Continued growth in U.S. industrial production, coupled with dwindling inventories and ever-tightening trucking capacity, is boosting the outlook for profitable freight demand in the first half of 2011, according to analysts. Fuel prices, however, are dampening expectations somewhat as diesel has crept back to highs not seen in two years due to higher petroleum costs.
Positive freight growth is expected at the top of 2011 across all modes of transportation, according to analysis by investment firm Robert W. Baird & Co. Baird tags industrial production as the key source of demand for railroads, LTL carriers, and “integrated” transportation providers, such as UPS and FedEx.
Industrial production is expected to increase 3.5% to 4%, according to Baird’s most recent Freight Flow report, with truckload pricing expected to grow 4% to 8% this year as capacity remains tight.
“Freight trends [are] stable, with lean inventories and modest restocking offsetting consumer demand headwinds from earlier in 2010,” said Jon Langenfeld, Baird senior transportation analyst. “Despite a more muted peak than expected, November 2010 trucking volumes were better than seasonal, as [the] peak season extended longer than expected. As a result, the demand outlook for 2011 is positive, with industrial end-markets likely outperforming retail.”
“We’re definitely getting more optimistic with our outlook,” Eric Starks, president of research firm FTR Associates, told Fleet Owner. “We’re currently forecasting 3% GDP [gross domestic product] growth for 2011, but we could see 4% if the positive trends we’re beginning to see take hold.”
Starks pointed out that manufacturing continues to maintain “a good foothold” in the economy, and expectations of further growth in this sector should lead to more hiring. And that job growth that would lay the groundwork for further economic recovery and expansion.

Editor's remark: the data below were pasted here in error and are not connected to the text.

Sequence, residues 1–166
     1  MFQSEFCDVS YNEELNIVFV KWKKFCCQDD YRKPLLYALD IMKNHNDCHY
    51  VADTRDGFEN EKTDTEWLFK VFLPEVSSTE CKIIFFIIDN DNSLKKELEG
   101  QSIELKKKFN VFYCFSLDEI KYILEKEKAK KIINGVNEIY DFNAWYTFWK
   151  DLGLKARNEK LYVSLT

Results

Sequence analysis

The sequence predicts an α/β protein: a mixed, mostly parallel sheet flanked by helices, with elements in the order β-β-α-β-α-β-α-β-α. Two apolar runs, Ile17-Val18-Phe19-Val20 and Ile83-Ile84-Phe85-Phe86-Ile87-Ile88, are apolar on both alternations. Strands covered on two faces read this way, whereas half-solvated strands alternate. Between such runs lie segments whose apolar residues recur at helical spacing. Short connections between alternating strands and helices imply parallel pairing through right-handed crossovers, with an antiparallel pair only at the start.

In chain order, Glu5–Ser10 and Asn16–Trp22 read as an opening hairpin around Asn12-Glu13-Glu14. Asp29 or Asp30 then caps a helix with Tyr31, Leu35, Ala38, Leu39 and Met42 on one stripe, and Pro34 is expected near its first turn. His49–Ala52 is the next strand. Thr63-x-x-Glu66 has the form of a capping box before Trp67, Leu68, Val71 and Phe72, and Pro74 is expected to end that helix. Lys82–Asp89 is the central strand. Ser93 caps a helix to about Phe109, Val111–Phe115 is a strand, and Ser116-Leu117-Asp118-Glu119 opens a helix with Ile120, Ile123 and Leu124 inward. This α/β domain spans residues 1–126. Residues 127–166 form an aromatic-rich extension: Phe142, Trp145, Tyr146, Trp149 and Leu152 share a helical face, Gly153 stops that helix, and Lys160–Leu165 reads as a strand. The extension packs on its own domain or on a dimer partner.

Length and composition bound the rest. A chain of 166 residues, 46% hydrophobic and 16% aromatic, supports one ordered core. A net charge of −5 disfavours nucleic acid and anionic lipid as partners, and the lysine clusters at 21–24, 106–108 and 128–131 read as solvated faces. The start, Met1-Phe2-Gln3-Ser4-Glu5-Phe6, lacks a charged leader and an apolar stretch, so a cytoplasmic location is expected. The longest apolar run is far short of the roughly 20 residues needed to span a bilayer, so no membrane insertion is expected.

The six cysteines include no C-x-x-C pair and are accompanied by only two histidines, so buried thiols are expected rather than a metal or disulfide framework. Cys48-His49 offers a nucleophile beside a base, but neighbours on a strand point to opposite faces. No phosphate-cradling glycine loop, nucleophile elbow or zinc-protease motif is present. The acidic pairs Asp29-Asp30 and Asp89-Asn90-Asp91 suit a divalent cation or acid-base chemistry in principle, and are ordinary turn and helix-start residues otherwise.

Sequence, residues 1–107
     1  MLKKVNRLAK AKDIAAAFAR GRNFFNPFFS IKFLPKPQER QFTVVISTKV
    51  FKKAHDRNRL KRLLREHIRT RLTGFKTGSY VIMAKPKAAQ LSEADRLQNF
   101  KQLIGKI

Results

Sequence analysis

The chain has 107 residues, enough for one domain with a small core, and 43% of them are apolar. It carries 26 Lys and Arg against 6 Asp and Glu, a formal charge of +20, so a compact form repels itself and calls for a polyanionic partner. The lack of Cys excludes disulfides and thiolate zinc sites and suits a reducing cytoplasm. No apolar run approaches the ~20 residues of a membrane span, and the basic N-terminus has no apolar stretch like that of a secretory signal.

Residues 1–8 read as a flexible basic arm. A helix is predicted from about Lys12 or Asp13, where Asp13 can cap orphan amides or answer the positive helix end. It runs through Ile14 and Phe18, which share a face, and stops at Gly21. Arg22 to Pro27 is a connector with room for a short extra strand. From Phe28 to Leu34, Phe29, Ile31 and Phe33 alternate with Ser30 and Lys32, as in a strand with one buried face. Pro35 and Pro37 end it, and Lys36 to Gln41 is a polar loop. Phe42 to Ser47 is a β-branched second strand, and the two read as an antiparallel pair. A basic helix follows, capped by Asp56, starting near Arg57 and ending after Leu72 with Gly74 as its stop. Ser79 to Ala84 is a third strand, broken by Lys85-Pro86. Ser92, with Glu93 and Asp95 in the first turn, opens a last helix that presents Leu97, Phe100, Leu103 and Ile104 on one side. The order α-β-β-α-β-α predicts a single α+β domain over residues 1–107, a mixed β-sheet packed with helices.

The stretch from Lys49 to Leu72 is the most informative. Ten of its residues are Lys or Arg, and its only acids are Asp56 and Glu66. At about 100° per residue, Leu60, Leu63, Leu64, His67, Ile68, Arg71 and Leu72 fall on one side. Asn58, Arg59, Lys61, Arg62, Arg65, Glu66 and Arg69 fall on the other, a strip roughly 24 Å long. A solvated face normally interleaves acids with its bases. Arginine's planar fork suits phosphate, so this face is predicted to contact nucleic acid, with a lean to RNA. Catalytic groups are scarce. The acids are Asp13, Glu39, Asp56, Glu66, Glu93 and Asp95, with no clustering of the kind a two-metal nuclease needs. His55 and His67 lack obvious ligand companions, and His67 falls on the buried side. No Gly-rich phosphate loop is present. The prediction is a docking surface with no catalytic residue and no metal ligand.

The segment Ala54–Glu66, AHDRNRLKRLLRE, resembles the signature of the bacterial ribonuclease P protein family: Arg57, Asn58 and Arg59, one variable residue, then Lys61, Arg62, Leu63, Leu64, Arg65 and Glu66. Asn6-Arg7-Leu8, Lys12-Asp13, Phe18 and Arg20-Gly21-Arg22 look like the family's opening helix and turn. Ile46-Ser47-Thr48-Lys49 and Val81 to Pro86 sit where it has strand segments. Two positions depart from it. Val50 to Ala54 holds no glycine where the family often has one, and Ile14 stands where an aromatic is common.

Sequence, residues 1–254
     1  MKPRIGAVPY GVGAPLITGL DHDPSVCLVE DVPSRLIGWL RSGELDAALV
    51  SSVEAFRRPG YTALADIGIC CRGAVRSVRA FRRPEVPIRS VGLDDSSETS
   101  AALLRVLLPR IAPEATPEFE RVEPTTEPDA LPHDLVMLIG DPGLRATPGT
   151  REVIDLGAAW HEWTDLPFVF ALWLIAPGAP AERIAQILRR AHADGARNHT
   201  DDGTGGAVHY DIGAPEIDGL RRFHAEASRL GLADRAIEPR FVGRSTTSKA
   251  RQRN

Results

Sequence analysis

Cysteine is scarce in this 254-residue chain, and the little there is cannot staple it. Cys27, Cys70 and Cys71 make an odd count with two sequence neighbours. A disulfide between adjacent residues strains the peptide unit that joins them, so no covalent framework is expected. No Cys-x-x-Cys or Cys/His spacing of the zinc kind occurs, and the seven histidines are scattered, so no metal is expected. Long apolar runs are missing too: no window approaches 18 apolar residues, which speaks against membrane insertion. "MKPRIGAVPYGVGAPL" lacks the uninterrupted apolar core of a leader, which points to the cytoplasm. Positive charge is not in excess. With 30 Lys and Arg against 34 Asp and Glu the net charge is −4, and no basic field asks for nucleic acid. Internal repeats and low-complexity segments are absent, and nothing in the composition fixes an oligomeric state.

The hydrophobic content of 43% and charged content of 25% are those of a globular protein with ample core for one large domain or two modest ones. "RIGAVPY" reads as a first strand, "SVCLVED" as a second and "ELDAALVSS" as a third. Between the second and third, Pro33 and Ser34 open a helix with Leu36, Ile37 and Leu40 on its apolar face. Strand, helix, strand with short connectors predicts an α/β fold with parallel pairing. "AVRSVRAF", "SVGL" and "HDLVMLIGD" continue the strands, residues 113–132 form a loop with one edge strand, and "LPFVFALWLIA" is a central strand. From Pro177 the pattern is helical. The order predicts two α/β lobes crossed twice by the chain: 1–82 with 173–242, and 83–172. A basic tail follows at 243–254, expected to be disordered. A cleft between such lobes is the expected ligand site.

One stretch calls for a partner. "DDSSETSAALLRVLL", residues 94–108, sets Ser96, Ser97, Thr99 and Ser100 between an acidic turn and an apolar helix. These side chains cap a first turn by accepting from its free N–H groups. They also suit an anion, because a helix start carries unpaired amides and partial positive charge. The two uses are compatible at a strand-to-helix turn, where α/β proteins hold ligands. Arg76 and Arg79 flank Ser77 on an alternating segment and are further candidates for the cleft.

Indeed, the Institute for Supply Management (ISM) has reported that economic activity in the manufacturing sector kept expanding in December– which was the 17th consecutive month of such expansion – while the overall U.S. economy grew for the 20th consecutive month.
“We saw significant recovery for much of the U.S. manufacturing sector in 2010,´said said Norbert Ore, chairman of ISM’s manufacturing business survey committee. “ The recovery centered on strength in autos, metals, food, machinery, computers and electronics, while those industries tied primarily to housing continue to struggle. Additionally manufacturers that export have benefited from both global demand and the weaker dollar. “
The ISM Purchasing Managers Index (PMI) jumped to 57% in December, rising 0.4 percentage points over November’s reading of 56.6%. ISM views readings above 50% as indicating manufacturing is generally expanding.
At the same time, the ISM Customers Inventories Index (CII) registered 40% last month, 5.5 percentage points lower than in November, when the index hit 45.5%. That’s the 21st consecutive month CII remained below 50%, said Ore. And that indicates respondents believe their customers’ inventories are too low at this time – a good sign that freight demand will rise to replenish those inventories.
Yet Baird’s Langenfeld cautioned to not read too much into low inventory levels in his analysis.
“Lean inventories support future freight growth, but 2010's inventory restocking activity [is] unlikely to remain a catalyst,” he explained. “Inventory restocking activity, above average throughout 2010 and at a generational high in November, is likely to moderate in 2011 – a potential near-term [freight] demand headwind. However, inventory levels remain below recent average levels across channels: retail, manufacturing, and total business.”
The cost of diesel, though, remains a much more near-term concern, Langenfeld said. “Fuel prices continue an upward trajectory, with recent diesel price of $3.23/gallon a year-to-date high and the highest price level since October 2008,” he warned. “Notably, diesel prices have increased 10% since the beginning of the [fourth] quarter [of 2010] and present a potential headwind to earnings given the lag in fuel surcharge recovery.”
That being said, Langenfeld contends TL and LTL pricing dynamics still favor carriers. “Looking ahead, ongoing capacity rationalization, increasing federal regulatory burden [CSA, Hours of Service ], and continuing supply/demand dynamics favor TL carriers [gaining] further pricing growth even into a slow-growth economy,” he noted.
“Improved LTL demand is supporting industry yield improvement, [with] carriers indicating good traction retaining announced general rate increases (GRIs) implemented in the past few months,” Langenfeld added. “Encouragingly, industry demand dynamics [remain] favorable, as larger carriers remain focused on improving profitability through better yields, and industrial end-market demand outlook remains improved.”
FTR’s Starks added that fleets also seem to be gaining more confidence as orders for Class 8 trucks exceeded 25,200 units last December – only slightly below higher-than-expected order volume in November. “That’s a very good sign; especially since monthly Class 8 orders ranged between 5,000 and 6,000 units at the start of 2010,” he said. “It suggests fleets are a lot more confident about the freight market as we head into 2011.”